Out of the blue I got an email that asked a loaded question: what did I think was the most important achievement for a defensive shooting instructor?
I’m sure he wanted me to say a minimum score on a popular shooting drill, or a particular ranking in the world of competitive shooting, or some number of course certificates, or perhaps even how many students one has taught.
Instead, I told him he should look for a tested IQ of at least 140 on the Stanford scale. His lack of response indicated that wasn’t the answer he was looking for.
Now I’ll admit my reply was a bit flippant, and I didn’t necessarily mean that a genius-level IQ was an absolute necessity, but the art and science of teaching anything — including defensive shooting skills — is intellectually demanding. This is no different than any other field of teaching, from medicine to theoretical astrophysics to welding.
Were you to you ask any number of defensive shooting instructors if what they teach is important — critical, even — I doubt you’d find any who say ‘no’. I’d be willing to wager that everyone would agree theirs is crucial material on which people’s lives may depend, and doing it correctly might make the difference between survival and victimhood. I would agree with them.
It follows, then, that if this stuff so important, so vital, so essential, shouldn’t we want only the best and brightest teaching it?
Aside from knowing the material, being able to explain complex topics in a way that is comprehensible to the average person is the essence of teaching. It requires a high level of understanding to do that, much higher than that the students will eventually have, plus a practiced ability to deliver that information through mastery of the language. Frankly, it all requires intellectual development; there’s really no way to sidestep that.
This is, I’ll admit, a slightly unusual way of looking at the whole topic of defensive training. A large margin of the people you’re likely to meet in the training world are focused on themselves: getting better, stronger, and faster. If they’re “gun people” they’re interested in winning more matches, taking more classes to make themselves better shooters, and getting faster at shooting whatever currently-popular drills are being talked about on the ‘net. Teaching may or may not be their primary focus, and very often you’ll find these inwardly-focused people believe that simply becoming a better athlete (which is what they really want to do) will somehow magically make them a better teacher.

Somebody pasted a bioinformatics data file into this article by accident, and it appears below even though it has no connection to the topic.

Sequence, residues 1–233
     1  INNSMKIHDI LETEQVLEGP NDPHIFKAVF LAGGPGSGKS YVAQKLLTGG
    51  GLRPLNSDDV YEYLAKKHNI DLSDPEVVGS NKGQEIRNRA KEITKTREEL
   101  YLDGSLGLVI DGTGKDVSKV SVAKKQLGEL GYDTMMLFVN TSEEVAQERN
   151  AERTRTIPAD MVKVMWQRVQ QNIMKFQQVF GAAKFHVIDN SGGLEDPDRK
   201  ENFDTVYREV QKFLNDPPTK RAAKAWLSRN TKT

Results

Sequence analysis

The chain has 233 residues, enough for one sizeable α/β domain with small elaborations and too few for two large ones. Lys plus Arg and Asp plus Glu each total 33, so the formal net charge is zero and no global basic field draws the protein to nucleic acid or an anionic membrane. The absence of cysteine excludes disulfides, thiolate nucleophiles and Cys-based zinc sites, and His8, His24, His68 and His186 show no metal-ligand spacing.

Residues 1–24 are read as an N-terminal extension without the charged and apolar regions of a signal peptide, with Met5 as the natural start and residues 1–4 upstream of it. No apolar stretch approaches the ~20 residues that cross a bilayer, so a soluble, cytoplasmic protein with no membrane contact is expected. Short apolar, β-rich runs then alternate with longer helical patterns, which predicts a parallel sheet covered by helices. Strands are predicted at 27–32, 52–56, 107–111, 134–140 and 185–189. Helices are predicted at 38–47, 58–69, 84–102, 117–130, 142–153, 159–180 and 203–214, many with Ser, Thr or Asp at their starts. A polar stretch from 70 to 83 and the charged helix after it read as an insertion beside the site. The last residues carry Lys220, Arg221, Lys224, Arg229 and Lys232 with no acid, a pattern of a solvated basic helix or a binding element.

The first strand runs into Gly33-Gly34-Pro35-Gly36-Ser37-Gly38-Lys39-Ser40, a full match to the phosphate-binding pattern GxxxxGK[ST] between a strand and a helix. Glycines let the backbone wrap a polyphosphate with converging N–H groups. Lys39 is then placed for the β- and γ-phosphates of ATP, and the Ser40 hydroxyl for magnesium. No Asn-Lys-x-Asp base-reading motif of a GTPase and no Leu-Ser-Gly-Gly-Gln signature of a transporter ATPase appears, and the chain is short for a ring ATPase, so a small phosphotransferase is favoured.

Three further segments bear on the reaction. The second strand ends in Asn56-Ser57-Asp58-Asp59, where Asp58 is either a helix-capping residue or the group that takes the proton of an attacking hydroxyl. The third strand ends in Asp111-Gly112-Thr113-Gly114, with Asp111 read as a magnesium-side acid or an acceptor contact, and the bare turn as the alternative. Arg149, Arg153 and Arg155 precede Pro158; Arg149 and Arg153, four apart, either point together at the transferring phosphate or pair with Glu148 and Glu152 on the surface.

You’d be surprised how many arguments I’ve gotten when I’ve said that knowing more about teaching is what makes someone a better teacher! It seems obvious to me, but not to everyone.
When I’m considering who to train with, of course I want to see something indicating that they know their material. I want them to understand what they’re teaching and why they’re teaching it. Just as importantly, though, I’m looking for evidence that they’ve spent at least as much (preferably much more) time on their teaching development as they have on their athletic development. If that answer isn’t easily found I’ll even ask one of my favorite instructor evaluation questions: “what instructor development courses have you taken in the last year which didn’t involve pulling a trigger?”
There are people in the defensive training world who do take their teaching development as seriously as they do their physical development; I’m privileged to know a few of them, and by reputation many more. You have to seek them out, however, and sometimes ask hard questions to find them. Don’t let yourself get distracted by what THEY can do; what you need to know is what they can teach YOU to do.
The smarter your teachers are, the better off you’ll be.
– Grant Cunningham